- Post by: Kourosh Maheri
- July 10, 2020
- Comments off
At Foresight Factory for many years now we’ve been tracking a trend we call the Age-less society, a trend which challenges elderly stereotypes and looks at seniors who demand adventure, intimacy and experiences just like their younger counterparts. And this was a growing reality before the pandemic so rudely interrupted its trajectory. Of course, you all well know by now that Coronavirus had a real impact for many people. But what does this really mean for our ageing – and age-less – population?
Covid represents a major health crisis for senior consumers (vs. the more economic one felt by younger consumers). This health crisis could have long lasting implications for how people see and prepare for senior life. Brands hoping to engage the lucrative senior audience are now forced to think afresh about how they engage older audiences both now and post-pandemic.
One effect, of course, is that Covid has forced technology to the forefront of daily engagement and living, which is fine (and perhaps a blessing) if you are a millennial or a Gen Xer who enjoys the benefits of working from home. But what does this mean for a cohort of elderly consumers who are otherwise independent, but not fluent in digital technology? Who may not be aware of the nuances of the internet and the vast array of services on offer?
As a brand, how do you reach a population with a limited digital presence but who must remain under lockdown to avoid any health risks? The independent elderly are a set of consumers who, for maybe the first time, are learning to employ digital technology to achieve their daily and weekly tasks, to connect with their communities, to buy their groceries.
Even as some markets begin to ease lockdowns, COVID-19 will have a lasting impact on the independent elderly as many continue to uphold strict personal boundaries as a means to preserve their health.
Here are 3 key things brands need to know about the Independent Elderly to best engage them during and after lockdown.
1. Their communities are important to them.
How can you help this group create frictionless (and very often presence-less) engagement with their peers and family and community? As this groups needs to continue to maintain its social distancing, brand initiatives that bring people together both now and after the pandemic will help to build loyalty. Over the past several months we have seen volunteers mobilizing to help vulnerable residents in their communities with tasks such as picking up supplies – as the pandemic wears on, can your brand offer help beyond these immediate relief efforts by finding ways to foster lasting human connections?
And, as digital technology becomes increasingly important for communities and engagement in the pandemic era, you may need to widen your target audience to include the children of this group, who, for the safety of their parents or grandparents, can show the independent elderly how to use digital technology and digital services that will help them to maintain connection to their communities and their to do lists – but at a digital distance.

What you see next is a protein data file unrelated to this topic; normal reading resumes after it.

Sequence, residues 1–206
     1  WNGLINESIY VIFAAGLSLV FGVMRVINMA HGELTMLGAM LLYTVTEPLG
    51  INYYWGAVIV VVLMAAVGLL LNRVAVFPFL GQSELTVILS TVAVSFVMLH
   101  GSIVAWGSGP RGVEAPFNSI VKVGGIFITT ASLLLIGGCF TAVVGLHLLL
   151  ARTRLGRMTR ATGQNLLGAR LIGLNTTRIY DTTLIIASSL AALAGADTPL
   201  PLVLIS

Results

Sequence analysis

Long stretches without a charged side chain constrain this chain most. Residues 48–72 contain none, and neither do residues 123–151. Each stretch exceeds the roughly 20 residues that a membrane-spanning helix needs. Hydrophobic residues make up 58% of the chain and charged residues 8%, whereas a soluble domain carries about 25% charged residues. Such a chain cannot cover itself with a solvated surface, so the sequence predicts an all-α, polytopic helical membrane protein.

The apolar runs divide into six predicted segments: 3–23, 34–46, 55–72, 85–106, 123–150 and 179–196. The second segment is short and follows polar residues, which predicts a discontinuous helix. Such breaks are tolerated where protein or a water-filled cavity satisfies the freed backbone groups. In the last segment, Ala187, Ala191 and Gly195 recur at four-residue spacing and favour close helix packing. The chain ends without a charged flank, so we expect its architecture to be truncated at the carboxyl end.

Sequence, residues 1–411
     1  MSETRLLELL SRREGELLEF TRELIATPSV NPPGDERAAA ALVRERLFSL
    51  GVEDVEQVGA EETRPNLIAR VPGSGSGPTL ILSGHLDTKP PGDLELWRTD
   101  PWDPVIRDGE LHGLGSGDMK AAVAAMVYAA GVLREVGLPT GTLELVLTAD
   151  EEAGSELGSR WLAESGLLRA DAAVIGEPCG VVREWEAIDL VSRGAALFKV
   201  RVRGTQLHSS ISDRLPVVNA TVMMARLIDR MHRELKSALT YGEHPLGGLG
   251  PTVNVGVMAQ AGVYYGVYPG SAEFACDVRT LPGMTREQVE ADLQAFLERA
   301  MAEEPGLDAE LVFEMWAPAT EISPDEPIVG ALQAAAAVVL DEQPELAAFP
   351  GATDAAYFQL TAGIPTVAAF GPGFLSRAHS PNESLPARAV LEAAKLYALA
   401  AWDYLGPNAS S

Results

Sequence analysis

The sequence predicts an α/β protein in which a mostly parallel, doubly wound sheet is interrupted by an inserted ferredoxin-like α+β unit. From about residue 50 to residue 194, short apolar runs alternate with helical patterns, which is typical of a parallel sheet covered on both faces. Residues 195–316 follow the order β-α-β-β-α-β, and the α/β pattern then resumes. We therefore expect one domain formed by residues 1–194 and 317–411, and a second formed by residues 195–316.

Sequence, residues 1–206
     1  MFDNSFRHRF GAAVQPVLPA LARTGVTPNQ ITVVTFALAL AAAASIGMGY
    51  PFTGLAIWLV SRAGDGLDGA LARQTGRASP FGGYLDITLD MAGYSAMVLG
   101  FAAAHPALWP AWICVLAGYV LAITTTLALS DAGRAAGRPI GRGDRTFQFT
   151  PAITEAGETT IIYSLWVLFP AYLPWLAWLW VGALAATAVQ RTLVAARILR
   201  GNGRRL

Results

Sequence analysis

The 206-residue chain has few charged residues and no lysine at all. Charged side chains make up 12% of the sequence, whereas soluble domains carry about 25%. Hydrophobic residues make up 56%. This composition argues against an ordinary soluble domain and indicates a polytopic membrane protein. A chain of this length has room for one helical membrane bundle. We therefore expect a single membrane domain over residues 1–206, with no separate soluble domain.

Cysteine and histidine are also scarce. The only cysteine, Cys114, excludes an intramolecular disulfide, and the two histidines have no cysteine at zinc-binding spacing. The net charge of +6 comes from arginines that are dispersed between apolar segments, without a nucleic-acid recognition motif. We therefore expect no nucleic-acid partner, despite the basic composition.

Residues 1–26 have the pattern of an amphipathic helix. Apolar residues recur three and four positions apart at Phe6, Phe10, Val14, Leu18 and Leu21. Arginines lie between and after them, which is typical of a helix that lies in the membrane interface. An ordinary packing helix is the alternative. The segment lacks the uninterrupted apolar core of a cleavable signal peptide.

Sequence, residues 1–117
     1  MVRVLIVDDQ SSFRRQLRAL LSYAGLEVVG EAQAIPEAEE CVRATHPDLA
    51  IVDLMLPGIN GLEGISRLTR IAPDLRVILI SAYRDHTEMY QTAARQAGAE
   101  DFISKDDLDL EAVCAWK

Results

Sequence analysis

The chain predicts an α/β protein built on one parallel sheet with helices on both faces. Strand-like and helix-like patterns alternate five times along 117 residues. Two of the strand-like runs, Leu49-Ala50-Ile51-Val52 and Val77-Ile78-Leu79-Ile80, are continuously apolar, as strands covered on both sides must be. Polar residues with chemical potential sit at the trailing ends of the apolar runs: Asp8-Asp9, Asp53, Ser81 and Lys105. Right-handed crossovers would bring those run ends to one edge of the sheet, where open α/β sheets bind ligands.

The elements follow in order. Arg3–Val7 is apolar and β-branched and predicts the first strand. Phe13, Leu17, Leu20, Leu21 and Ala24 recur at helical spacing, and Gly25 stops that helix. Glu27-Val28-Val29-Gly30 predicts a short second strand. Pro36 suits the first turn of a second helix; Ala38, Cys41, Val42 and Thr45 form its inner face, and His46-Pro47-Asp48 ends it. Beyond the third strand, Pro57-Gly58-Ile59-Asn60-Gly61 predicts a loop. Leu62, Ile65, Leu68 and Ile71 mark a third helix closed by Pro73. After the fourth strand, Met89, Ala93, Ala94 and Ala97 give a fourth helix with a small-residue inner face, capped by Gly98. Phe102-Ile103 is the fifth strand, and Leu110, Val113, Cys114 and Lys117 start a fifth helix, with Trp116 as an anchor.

2. They like to have structure in their lives and feel in control.
How can you help build structure into the lives of this cohort? What aspects of their previous pre-covid lives can you help them turn into digital engagement? Can you fill their calendars with classes to engage in hobbies or for the opportunity to learn new skills? Such things will likely be a welcome distraction.
More, communicate clearly what your company is doing to manage the crisis and ensure their health and protection – this will become increasingly important as lockdowns lift. And ensure that presence-free customer service is frictionless, encourage connection at a distance – but ensure that empathy within these interactions is not lost among the efficiency such digital tools can offer.
3. They seek to broaden their experiences
With travel limited, how can you encourage leisure among this group? For those who may find physical travel daunting, can you introduce them to the world of virtual travel or virtual museum exploration? Experiences such as online learning and virtual travel will help isolated elderly consumers build social connections and enjoy new experiences.
More, what types of services can you provide for staycations or road trips? Or for the pursuit of new hobbies that can be taught online and achieved in the home? How can you use technology to encourage this group to keep up their active lifestyle?
Of course, not all Boomers are having a bad time under the pandemic, (several will have access to outside space, Zoom calls with the grandkids, financial reserves to face a prolonged slump, etc), not all seniors will sit tight forever at home, many are already out, enjoying life among the free (but with safety and health precautions, of course).
So, in summary:
Their communities are important to them – Encourage (distanced/digital) family and community engagement
They like to have structure in their lives and feel in control – Target older consumers with tech offerings that supports their independence
They seek to broaden their experiences – Bring leisure and travel to them digitally/for those who seek physical travel, create services which allow them to travel independently and safely
To watch Heather’s full talk visit: isolatedtalks.com/talks/okay-boomer
The post Ok, Boomer? appeared first on Foresight Factory.